We drove out of there saying, “Let’s never go into tourist towns ever again,” which made it all the more depressing the next day when we fled the crowded park to go back to the crowded tourist town. Tracy needed coffee though, and I held out hope for the chain store Boot Barn, which I’d been in in Helena. Thank you, Boot Barn, for scoring me an affordable hat and boots (next post).

Crowded Boondocking

I mentioned before that we’re boondocking on Forest Service land right outside the park, and we found a secluded little spot on a road with great views of the Tetons right on the other side. And people want those spots, desperately. They’re driving by in their campers all day long, plus into the night and before daybreak, looking for the exact moment when someone pulls out so they can have their spot. It’s a bit disconcerting, like being a fly on the wall during Black Friday at Walmart.

Add to this environment the fact that the FBI is here searching for a missing #vanlifer, and the scene gets more surreal. Apparently she and her fiancée had been arguing in Utah because living in such close quarters was wearing on their relationship, and the cops who were called by someone at a gas station actually ordered one of the couple to stay in a hotel that night. A few weeks later, the guy shows up in Florida without the girl. They were both last seen here in Grand Teton, so a search is on. Somehow that story feels like a microcosm of all that’s wrong with people flocking to national parks right now.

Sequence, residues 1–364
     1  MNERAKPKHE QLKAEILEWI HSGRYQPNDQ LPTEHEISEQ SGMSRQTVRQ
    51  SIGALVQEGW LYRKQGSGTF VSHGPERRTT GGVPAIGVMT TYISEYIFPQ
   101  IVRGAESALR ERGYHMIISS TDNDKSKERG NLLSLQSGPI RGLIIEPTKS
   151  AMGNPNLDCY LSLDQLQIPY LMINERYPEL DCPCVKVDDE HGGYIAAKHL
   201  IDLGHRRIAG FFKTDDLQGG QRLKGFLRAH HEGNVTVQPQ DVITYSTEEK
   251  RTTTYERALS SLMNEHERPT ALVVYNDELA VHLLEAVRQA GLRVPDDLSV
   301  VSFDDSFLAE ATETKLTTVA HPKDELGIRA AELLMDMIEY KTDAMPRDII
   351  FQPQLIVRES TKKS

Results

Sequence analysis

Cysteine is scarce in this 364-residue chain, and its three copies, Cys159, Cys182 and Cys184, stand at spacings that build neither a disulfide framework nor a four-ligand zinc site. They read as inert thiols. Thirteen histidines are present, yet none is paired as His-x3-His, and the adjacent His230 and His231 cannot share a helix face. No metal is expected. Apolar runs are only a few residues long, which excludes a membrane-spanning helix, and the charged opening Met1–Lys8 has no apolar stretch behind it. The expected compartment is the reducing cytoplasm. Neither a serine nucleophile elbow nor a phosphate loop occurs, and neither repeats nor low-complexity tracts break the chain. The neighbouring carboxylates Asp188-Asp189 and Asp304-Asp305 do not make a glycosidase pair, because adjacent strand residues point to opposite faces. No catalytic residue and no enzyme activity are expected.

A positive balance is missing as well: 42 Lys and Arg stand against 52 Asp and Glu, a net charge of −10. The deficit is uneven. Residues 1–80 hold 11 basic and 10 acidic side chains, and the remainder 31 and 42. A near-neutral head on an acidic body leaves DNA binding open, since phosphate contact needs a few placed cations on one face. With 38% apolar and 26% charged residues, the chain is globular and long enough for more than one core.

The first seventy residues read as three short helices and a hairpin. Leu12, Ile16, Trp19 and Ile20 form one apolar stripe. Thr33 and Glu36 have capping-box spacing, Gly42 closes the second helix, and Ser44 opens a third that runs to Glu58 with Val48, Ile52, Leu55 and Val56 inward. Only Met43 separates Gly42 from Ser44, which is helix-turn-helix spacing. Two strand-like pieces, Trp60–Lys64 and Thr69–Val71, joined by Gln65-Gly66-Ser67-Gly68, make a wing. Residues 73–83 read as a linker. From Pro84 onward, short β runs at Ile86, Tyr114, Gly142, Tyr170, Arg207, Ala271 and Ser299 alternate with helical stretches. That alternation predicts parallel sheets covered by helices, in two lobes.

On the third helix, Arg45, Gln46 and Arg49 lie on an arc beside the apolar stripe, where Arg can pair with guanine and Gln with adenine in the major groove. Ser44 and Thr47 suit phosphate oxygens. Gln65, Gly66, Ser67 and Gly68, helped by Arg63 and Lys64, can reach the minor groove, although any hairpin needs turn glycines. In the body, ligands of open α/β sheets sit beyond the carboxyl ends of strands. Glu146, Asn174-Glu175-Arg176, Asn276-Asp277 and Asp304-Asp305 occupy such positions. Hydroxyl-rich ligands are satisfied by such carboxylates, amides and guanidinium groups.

There is an abundance of wildlife here, and we’re told you can’t avoid it if you tried. But we’ve been in the wrong places at the wrong times over and over, and we’ve seen very little.

Here’s the YouTube couple who hosted a “meet and greet” at a park campground one evening; their presentation about how they started camping and how they became a YouTube phenomenon was actually entertaining. They said that when they first came to that campground, it was half empty, and you just picked a site, pulled in and set up, then walked to the host to let them know you were there. Now you make reservations months in advance to stay in a completely full park. I hear that hasn’t stopped the moose from coming into the campground every morning, though.

Couples sitting around us were talking about all the animals they’d seen and sharing photos on their phones. I grabbed the Instagram account of one photographer and am looking at the animals around me through my phone.

Now, I fully agree that we could make this stay better for ourselves. We could have:

  • Booked a spot in a campground in the park months ago, had we known we’d been here at a certain date;
  • Gone on longer hikes that are less popular (I would imagine, though am not sure);
  • parked at known wildlife areas and sat in chairs with binoculars and just waited.

But I’m a bit burned out from all this go go go, and Tracy has got to be frustrated with all the driving through Yellowstone and now here, so we’re hunkering down in our coveted boondocking spot as rain is in the forecast, and watching TV for a change.

Appalachian Trail Thu-Hikers call this a zero day (you hike zero miles, make zero progress), and I guess we’re having a zero day in terms of Grand Teton National Park. Those days are healthy for the soul as much as the days of grand views, right?